Renewables

Dry slag granulation technology will result in a cleaner, greener and more productive steel industry.

We are supporting the Australian Government’s Low Emissions Technology Statement to identify cleaner ways to manufacture steel and aluminium.

Australia has been described as a powerhouse of cheap renewable energy. However, when the sun doesn’t shine or the wind calms, the power-switch flicks off – a problem referred to as intermittency.

Graphic of an offshore ocean environment including aquaculture, and wind farms

As the pandemic impacts industries across the world, managing ocean resources sustainably is more important than ever to spur new marine and economic opportunities.

Heliostat mirrors

Six of the world's leading electricity system operators will work with international researchers—including CSIRO—to dramatically accelerate the transition to clean energy.

Clouds over a road

Cumulus, stratus or cumulonimbus, clouds all have one thing in common: they affect the amount of energy solar panels produce. So, what is solar forecasting, and why is it so important?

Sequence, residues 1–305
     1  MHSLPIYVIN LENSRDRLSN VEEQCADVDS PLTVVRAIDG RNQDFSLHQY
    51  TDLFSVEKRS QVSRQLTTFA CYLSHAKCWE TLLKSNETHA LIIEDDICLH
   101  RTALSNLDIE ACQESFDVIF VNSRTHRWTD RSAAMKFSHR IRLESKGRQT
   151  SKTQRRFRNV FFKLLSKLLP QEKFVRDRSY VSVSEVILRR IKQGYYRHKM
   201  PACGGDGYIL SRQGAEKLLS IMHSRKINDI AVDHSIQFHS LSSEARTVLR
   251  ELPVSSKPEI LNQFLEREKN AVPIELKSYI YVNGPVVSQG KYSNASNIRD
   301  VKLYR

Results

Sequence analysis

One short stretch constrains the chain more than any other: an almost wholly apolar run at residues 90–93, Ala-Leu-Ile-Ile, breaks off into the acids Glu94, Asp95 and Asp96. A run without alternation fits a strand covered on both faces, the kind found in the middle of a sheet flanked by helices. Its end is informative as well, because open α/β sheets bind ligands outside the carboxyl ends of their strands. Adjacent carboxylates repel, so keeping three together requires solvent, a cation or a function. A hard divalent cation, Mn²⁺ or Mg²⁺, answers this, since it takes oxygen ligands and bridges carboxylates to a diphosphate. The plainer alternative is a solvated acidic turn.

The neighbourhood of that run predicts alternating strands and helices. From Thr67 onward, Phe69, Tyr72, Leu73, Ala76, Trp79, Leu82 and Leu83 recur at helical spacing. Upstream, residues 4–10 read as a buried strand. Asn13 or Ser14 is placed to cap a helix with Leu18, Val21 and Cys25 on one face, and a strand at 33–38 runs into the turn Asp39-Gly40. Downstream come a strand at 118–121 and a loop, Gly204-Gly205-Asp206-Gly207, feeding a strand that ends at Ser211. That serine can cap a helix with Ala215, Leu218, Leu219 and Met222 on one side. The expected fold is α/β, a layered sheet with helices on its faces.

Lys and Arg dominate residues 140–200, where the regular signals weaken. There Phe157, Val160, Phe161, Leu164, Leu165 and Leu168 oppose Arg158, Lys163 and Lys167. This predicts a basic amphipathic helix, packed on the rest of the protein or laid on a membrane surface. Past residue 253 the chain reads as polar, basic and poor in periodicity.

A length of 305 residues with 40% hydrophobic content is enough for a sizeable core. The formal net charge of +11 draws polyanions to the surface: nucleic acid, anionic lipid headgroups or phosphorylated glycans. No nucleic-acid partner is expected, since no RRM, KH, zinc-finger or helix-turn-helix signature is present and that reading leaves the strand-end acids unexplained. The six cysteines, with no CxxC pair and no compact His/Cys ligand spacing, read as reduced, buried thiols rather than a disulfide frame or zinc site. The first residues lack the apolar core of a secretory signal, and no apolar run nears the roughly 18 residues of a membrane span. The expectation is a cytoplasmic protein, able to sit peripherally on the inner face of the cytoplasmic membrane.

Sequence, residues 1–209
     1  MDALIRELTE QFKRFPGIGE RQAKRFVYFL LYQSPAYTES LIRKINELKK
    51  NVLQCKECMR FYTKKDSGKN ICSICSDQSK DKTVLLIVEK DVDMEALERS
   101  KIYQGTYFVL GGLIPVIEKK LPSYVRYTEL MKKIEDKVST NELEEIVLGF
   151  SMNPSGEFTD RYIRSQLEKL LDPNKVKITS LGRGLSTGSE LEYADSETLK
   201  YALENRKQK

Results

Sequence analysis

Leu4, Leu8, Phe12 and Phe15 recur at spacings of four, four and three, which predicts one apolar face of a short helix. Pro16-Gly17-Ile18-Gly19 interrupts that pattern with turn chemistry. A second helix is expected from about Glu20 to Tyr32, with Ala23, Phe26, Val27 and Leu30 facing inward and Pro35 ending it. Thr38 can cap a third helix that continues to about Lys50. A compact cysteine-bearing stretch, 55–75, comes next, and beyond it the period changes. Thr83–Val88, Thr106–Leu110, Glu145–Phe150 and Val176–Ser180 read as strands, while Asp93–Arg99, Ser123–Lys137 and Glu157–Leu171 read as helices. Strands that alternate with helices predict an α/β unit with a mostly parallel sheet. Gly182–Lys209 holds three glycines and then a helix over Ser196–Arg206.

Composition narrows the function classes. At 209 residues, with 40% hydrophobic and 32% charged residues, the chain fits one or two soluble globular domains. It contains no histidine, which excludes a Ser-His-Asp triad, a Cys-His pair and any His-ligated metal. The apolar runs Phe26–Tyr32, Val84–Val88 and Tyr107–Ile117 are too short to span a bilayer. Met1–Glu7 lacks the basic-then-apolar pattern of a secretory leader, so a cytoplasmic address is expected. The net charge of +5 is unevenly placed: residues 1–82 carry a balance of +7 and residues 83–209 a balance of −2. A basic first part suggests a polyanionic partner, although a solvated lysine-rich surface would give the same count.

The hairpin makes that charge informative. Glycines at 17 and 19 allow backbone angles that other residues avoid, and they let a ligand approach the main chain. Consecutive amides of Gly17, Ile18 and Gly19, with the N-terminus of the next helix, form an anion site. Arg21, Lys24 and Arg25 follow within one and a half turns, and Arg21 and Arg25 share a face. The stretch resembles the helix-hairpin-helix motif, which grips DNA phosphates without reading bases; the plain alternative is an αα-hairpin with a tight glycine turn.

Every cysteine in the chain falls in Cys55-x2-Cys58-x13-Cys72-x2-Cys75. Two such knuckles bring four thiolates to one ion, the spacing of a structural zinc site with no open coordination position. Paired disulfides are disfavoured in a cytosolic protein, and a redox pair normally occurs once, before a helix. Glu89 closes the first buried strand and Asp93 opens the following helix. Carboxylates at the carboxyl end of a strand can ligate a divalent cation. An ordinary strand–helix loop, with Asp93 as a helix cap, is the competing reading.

With the cold snap shocking us into our winter woollens, we’re looking at how draughty Australian houses are, and the science behind how we test for ‘leakiness’ in our homes.

Science tells us that anthropogenic climate change is in effect. In order to limit the changes to our environments, economies and lifestyles, we must reduce greenhouse gas emissions from a number of sources. This is a huge task, so where should we concentrate efforts and what tools are at our disposal?

To decarbonise our energy systems, CSIRO is looking at the responsible innovation and social acceptance of hydrogen technologies. There are always challenges to the adoption of new technologies. Some of these challenges are technical or economic, but, for successful adoption, there also needs to be social awareness and acceptance.

Thick smoke covers the Sydney skyline

Over 2.2 million Australian homes and businesses now have a rooftop PV system. What does a summer of smoke, dust and hail mean for solar power generation in Australia?